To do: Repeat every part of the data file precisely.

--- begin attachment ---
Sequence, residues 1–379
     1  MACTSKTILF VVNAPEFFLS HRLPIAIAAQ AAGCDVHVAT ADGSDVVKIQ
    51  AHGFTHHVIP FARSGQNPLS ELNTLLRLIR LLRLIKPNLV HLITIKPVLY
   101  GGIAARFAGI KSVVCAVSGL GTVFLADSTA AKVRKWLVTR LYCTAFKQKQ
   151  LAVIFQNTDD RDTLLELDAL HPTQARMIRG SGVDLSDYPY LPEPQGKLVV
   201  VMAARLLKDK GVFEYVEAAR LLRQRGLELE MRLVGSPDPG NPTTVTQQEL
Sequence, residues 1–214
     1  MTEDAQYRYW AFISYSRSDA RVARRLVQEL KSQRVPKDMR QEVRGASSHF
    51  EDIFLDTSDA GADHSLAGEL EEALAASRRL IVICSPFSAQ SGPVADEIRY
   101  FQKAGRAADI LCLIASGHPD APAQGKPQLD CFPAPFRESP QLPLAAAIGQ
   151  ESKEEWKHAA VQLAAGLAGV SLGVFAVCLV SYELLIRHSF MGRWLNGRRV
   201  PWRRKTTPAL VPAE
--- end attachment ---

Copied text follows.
Sequence, residues 1–379
     1  MACTSKTILF VVNAPEFFLS HRLPIAIAAQ AAGCDVHVAT ADGSDVVKIQ
    51  AHGFTHHVIP FARSGQNPLS ELNTLLRLIR LLRLIKPNLV HLITIKPVLY
   101  GGIAARFAGI KSVVCAVSGL GTVFLADSTA AKVRKWLVTR LYCTAFKQKQ
   151  LAVIFQNTDD RDTLLELDAL HPTQARMIRG SGVDLSDYPY LPEPQGKLVV
   201  VMAARLLKDK GVFEYVEAAR LLRQRGLELE MRLVGSPDPG NPTTVTQQEL
Sequence, residues 1–214
     1  MTEDAQYRYW AFISYSRSDA RVARRLVQEL KSQRVPKDMR QEVRGASSHF
    51  EDIFLDTSDA GADHSLAGEL EEALAASRRL IVICSPFSAQ SGPVADEIRY
   101  FQKAGRAADI LCLIASGHPD APAQGKPQLD CFPAPFRESP QLPLAAAIGQ
   151  ESKEEWKHAA VQLAAGLAGV SLGVFAVCLV SYELLIRHSF MGRWLNGRRV
   201  PWRRKTTPAL VPAE